The Gregory Zulu 55 is a mighty little pack. It has well-padded shoulder and waist belt straps and carries moderate loads up to 40 pounds well. Though it doesn't have the most breathable suspension in the line-up, it definitely holds its own. It includes a variety of useful features without going overboard and is capable of carrying a little more than we expected. All in all, we are pleasantly surprised by this pack and think it is worth a close look for both first-time backpackers or an outdoor enthusiast looking for a new pack at a reasonable price.
Gregory Zulu 55 Review
Compare prices at 3 resellers Pros: Good balance between features and weight, comfortable suspension, inexpensive
Cons: Less volume than packs of similar weight, attached lid
Compare to Similar Products
Our Analysis and Test Results
This pack surprised us. It combines an excellent suspension with features that make life on the trail easier. This model handles small loads nicely and can tote up to 40 pounds with the suspension to back it up. We feel like we got more than its price point would suggest.
Compared to the rest, this pack has quality features and good comfort, placing it solidly in the middle of the bunch.
Suspension and Comfort
This pack has some nice comfort features that improve the way it carries. It has nice thick padding with ergonomically designed shoulder straps. The padding at the waist also hugs your hips snugly and works nicely in concert with the waist belt webbing to offer a secure fit. Also, the pack is shaped to offer good lumbar support.
Though we didn't find it to have the same superior ventilation as some, it still has a relatively breathable back panel.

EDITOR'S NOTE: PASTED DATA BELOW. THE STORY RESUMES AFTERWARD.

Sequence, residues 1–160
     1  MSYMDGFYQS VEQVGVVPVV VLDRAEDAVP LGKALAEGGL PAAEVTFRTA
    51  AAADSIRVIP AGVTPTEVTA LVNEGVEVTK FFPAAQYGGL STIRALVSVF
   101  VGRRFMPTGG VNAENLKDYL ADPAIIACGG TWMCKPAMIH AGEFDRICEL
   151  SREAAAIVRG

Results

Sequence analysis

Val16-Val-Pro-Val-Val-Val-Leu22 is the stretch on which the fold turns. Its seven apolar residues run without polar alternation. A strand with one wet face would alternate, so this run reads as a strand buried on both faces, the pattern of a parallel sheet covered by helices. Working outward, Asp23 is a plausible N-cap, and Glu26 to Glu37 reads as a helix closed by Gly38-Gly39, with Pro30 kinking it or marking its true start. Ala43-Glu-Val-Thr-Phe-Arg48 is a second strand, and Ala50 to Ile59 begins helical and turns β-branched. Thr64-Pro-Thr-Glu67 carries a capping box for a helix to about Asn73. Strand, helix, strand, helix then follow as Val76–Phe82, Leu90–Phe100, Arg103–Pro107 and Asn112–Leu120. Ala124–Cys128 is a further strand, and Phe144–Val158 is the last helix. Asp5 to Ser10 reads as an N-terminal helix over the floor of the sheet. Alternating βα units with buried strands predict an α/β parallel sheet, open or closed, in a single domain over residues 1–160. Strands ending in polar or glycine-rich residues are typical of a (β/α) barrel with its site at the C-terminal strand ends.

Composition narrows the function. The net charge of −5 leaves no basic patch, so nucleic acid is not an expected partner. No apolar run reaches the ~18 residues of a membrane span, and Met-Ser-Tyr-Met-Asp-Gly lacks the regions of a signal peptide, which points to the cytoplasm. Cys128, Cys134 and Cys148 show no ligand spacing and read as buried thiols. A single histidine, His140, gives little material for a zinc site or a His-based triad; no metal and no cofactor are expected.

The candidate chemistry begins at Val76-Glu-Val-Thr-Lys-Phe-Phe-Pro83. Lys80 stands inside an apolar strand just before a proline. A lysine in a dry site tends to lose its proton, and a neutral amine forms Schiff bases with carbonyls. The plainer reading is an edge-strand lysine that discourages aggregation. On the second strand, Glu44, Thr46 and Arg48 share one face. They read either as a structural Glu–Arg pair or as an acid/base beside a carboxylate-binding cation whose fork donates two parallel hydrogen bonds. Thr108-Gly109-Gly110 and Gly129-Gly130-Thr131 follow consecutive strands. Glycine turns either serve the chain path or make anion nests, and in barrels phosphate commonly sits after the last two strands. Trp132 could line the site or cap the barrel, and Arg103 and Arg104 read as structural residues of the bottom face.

The Zulu 55 has the suspension to match its comfort. It has a mesh back panel that conforms to your body. The mesh extends around the waist belt as well which is fairly unique to the higher end, trampoline back-paneled packs on the market.
Features and Ease of Use
This pack comes with some excellent features that provide packing flexibility. The mesh beavertail pocket on the front is fantastic for drying out damp items on the go or stowing a rain jacket for easy access in case of a storm. The lid opens up nice and wide from the top in a horseshoe shape. Depending on how much you put in there, items are more liable to fall out than other side zip models with a smaller opening, but it is straightforward to see what you have in there. In terms of access, there are both the bottom and front zippers into the main compartment that make it easy to grab gear.
The cinch cords for trekking poles or an ice ax are helpful, as are the bottom straps for securing a set of tent poles or a sleeping pad that doesn't fit in the main compartment. The two waist belt pockets offer generous space for snacks or a smartphone. One of our issues was with the side access of the water bottle pockets. With a standard aluminum 1 liter bottle, our arm bumped up against it with every stride.
Our small/medium pack weighed in at 3.55 lbs. It's the third lightest pack in our review but also has the smallest listed volume. There are also a couple of similarly weighted competitors which have more storage capacity.
The Zulu 55 is comfortable enough, but the tradeoff between weight and volume could be an essential consideration for some folks.
Adjustability and Fit
This pack comes in a small/medium and medium/large. Both have four inches of torso adjustment. It is a classic velcro connection that keeps the shoulder straps locked in place. It is fairly easy to release the velcro and adjust the shoulder strap height.
The waist belt has a massive range for both sizes: 19" for the small/medium (27"-46") and 22" for the medium/large (29"-51"). The redirected waist belt webbing is easy to adjust.
This pack is worth the money. It is one of the less expensive packs in this review but offers the same experience as some packs costing $50-$100 more. Though it has less volume than the 60-65 liter contenders, we don't think this detracts from its value.
The Gregory Zulu 55 is a solid pack at a solid price. It has the features that most backpackers look for and carries comfortably. We wouldn't pack it ultralight or take it on long haul treks, but for the 5-day adventure with a buddy, this is a nice option.
— Ben Applebaum-Bauch